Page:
AN INQUIRY has been launched into the future funding of the BBC World Service.

The international broadcaster, owned and operated by the corporation, is predominantly funded by the UK licence fee but receives additional grant funding of £104.4 million from the Foreign, Commonwealth and Development Office (FCDO).

The House of Commons’ International Development Committee (IDC) has called for the inquiry, which will focus on the BBC’s influence as a soft power and look to establish whether increased Government support is needed.

Under the current support package, the BBC World Service has agreed not to close any language services, but this condition is set to be lifted in 2025.

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The news service currently broadcasts in more than 40 languages in countries across Latin America, Asia, Africa, Europe and the Middle East.

Last month BBC director-general Tim Davie said the World Service is “uniquely valuable and globally important”.

Speaking at a Royal Television Society (RTS) event in London, Davie added: “We cannot keep asking UK Licence Fee payers to invest in it when we face cuts to UK services.

“We will need to discuss a long-term funding solution for the World Service that comes from central government budgets. Even in the short term, we will need more help.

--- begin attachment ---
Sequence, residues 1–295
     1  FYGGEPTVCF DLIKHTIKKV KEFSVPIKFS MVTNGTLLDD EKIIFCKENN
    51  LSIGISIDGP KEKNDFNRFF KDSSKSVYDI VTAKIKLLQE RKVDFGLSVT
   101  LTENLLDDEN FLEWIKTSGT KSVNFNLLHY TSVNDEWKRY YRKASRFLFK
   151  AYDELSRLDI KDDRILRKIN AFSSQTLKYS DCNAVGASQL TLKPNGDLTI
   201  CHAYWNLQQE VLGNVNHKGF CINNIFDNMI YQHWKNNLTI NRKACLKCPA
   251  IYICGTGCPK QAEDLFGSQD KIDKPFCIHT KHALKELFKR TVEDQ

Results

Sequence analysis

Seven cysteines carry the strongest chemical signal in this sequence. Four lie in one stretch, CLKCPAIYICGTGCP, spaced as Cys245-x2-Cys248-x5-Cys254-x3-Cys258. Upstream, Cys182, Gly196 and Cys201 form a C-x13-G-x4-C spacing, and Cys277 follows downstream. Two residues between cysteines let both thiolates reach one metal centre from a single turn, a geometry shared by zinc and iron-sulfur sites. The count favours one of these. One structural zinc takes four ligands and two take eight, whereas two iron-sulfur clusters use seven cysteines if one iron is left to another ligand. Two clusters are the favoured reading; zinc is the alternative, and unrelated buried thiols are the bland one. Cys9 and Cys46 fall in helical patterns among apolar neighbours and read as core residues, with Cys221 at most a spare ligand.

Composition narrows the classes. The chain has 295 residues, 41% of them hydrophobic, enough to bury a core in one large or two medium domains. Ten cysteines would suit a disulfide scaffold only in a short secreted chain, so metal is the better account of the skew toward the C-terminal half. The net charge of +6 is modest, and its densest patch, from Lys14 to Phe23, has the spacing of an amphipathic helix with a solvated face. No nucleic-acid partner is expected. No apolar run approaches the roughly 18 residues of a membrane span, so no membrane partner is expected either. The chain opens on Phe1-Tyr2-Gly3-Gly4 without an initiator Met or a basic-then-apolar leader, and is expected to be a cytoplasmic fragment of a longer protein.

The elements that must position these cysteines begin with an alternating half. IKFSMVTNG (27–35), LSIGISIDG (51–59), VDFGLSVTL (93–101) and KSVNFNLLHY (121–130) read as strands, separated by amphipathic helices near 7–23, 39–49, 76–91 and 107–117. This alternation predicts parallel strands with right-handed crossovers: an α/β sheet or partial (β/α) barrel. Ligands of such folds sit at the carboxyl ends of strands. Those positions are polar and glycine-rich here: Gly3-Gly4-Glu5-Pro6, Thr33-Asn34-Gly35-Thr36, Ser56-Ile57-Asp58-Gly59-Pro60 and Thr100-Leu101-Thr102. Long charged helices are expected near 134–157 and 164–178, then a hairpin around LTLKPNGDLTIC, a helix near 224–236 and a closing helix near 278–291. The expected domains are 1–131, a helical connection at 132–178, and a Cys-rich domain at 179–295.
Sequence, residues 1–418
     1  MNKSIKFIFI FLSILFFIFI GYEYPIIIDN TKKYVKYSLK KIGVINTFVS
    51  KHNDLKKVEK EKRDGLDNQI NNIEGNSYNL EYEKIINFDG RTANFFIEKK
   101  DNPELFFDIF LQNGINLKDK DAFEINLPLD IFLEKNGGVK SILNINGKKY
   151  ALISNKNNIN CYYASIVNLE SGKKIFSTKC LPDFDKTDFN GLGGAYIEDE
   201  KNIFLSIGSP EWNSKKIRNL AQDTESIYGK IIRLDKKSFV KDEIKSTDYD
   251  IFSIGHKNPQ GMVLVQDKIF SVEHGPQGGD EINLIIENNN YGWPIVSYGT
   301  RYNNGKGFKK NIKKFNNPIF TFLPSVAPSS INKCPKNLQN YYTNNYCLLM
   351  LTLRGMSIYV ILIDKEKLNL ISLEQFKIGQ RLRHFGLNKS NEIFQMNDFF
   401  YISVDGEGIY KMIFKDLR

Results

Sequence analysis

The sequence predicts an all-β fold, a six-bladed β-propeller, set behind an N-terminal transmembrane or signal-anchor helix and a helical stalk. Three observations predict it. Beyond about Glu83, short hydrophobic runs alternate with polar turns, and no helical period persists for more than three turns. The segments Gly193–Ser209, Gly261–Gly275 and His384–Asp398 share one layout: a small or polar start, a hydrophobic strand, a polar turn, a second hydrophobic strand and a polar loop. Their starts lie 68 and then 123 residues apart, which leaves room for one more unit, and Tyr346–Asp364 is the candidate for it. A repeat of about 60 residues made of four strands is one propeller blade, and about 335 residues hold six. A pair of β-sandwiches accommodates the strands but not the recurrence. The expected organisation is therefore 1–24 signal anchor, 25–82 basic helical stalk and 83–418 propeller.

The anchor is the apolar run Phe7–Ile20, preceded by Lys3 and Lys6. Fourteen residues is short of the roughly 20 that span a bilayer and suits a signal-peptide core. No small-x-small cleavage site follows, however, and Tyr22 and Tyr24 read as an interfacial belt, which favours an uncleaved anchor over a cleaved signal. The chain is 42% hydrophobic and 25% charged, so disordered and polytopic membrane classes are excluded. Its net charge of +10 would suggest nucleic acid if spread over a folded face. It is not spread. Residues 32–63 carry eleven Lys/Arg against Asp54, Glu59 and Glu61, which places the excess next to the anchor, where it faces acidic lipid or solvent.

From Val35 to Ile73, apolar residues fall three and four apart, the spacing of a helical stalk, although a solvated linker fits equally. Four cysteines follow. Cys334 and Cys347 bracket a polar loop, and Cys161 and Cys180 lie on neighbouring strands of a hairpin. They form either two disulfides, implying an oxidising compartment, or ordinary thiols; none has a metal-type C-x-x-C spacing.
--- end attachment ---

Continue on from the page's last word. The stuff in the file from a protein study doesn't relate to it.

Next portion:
“Russia and China are investing hard, and not properly funding one of the UK’s most valuable soft power assets makes no sense economically or culturally.”

The BBC launched its World Service, then called Empire Service, on December 19, 1932.

It provides services in English and other languages on TV, radio, and digital platforms.

On April 1, 2014, the BBC assumed responsibility for funding the World Service from the FCDO, then called the FCO, and since then the majority of its funding has come from the licence fee.

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Written submissions need to be made to the committee by May 20.

A BBC spokesperson said: “The BBC World Service is a vitally important global asset that provides independent and impartial news to 318 million people around the world each week.

“However, the financial pressures on the BBC are holding the World Service back at a critical moment so we welcome the committee’s inquiry and look forward to contributing to the discussion.”